Ryan Pressly’s velocity remains impressive. The right-hander’s raw stuff is as good as any in the game, as shown by the eight strikeouts he has piled up over his past four innings.
Trouble is, in between all those strikeouts, the ball keeps flying over the fence.
Ian Kinsler’s two-run homer in the seventh inning of Friday’s 4-2 loss to the Los Angeles Angels was the latest example of Pressly’s recent struggles. It wiped out a one-run lead for the Twins, who lost for the third time in four tries and fell 5 1/2 games behind the first-place Cleveland Indians.
“You play a game of failure for a reason, you know?” Pressly said. “These guys are good. These are the best hitters in the world. If you make a mistake, they’re going to make you pay for it.”
Kinsler’s blast followed Martin Maldonado’s one-out double on a slider down in the zone and came on a hanging two-strike curveball from Pressly, who had held him to three hits (no homers) and a walk in 14 prior meetings. Kinsler came in hitting .212 with just six homers this season, his first with the Angels.
“I left a pitch hanging and he hit it,” Pressly said. “He put a good swing on it. I probably should’ve gone with another pitch but it is what it is.”
Kinsler’s only extra-base hit off Pressly had been a double back in 2013, the pitcher’s rookie year as a Rule 5 pick from the Boston Red Sox. Justin Upton added a solo homer off Addison Reed in the eighth as the Angels won their fifth straight to open a three-game weekend series at Target Field.
Over his past five outings, covering four innings, Pressly has a 15.75 earned run average with eight hits and three homers allowed.
“I’m fine,’ he said. “Still throwing pretty hard and I’ve got control of all my stuff. I just made a bad pitch.”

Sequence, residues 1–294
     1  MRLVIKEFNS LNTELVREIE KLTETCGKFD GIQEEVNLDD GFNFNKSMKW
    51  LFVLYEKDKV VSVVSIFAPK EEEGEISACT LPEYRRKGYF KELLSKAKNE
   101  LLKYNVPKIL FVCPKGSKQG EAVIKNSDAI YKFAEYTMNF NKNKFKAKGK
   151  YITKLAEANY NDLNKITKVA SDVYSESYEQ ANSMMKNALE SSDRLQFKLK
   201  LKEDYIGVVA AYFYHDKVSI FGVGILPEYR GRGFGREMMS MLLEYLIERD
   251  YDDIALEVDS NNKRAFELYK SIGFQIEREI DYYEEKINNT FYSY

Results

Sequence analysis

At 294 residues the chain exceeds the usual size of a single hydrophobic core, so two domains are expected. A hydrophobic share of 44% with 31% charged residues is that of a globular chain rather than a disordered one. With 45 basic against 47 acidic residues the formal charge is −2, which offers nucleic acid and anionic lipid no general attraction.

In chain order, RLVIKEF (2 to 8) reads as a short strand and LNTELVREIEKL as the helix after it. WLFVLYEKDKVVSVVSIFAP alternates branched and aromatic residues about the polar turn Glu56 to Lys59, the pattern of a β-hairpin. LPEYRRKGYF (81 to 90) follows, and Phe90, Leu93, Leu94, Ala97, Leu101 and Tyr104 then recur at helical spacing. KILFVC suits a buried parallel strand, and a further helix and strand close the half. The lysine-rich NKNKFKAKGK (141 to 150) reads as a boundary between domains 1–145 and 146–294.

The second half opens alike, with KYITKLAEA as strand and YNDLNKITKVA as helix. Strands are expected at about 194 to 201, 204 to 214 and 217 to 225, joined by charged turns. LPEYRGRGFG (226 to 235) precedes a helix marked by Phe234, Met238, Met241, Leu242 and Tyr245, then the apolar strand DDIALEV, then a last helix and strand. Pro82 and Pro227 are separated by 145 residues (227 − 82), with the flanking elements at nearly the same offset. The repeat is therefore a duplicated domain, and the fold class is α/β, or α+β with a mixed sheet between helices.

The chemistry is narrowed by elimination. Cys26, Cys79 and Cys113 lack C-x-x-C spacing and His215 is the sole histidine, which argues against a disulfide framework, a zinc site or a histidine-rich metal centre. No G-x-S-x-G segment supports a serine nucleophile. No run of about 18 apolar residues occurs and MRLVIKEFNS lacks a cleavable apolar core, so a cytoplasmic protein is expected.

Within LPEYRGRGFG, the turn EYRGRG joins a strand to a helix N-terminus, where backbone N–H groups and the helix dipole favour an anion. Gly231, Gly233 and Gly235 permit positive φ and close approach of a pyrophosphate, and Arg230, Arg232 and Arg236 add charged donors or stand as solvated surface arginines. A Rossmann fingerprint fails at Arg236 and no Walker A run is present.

It was Pressly’s 33rd appearance through 60 games, keeping him on pace for a career-high 89 outings that would challenge the Twins’ single-season mark of 90, set by Mike Marshall in 1979. Though he’d pitched just once in the previous four days, Pressly remained one outing behind American League leader Joe Jimenez of the Detroit Tigers.
Reed, second on the team with 30 outings, has allowed homers in three of his past four outings. He’s on pace for 81 outings, which would eclipse the career-high 80 he made for the New York Mets in 2016.
“We’ve had workload issues with a lot of guys,” Twins manager Paul Molitor said. “We try to back guys off sometimes, even a couple days when we have to. When you’re up here, sometimes you’ve got to be called upon, even when you’re not maybe 100 percent. That’s just how it is sometimes.”
Facing an Angels lineup that was without rookie sensation Shohei Ohtani and All-Star shortstop Andrelton Simmons — both placed on the disabled list week — resurgent right-hander Lance Lynn ripped off his fourth straight quality start with six innings of one-run ball.
Maldonado’s run-scoring single up the middle highlighted a four-hit second, but that would be the only scratch on Lynn’s card. He blew a 95-mph fastball by Mike Trout to leave the bases loaded and would allow only a two-out walk in the third over his final four innings.
Lowering his earned run average to 5.08, Lynn struck out at least one batter in every inning and jumped ahead to 11 of his final 15 batters. Hitting 95 mph several times while mixing in a high-80s cutter and a handful of curves, Lynn went to three-ball counts just four times while inducing 11 swinging strikes on a 105-pitch night.
Despite retiring his final 10 batters, Lynn was pulled with an eye on the big picture.
“Would I have liked to go out?” Lynn said of the seventh. “Yes, but was it the smart play to (say) maybe this is a good time to not push it. That’s where we were at. We both agreed, Mollie and I, that this is a good time not to push it.”
Until Pressly’s meltdown, Lynn stood to win his fourth straight start after Robbie Grossman’s go-ahead homer off Garrett Richards in the sixth.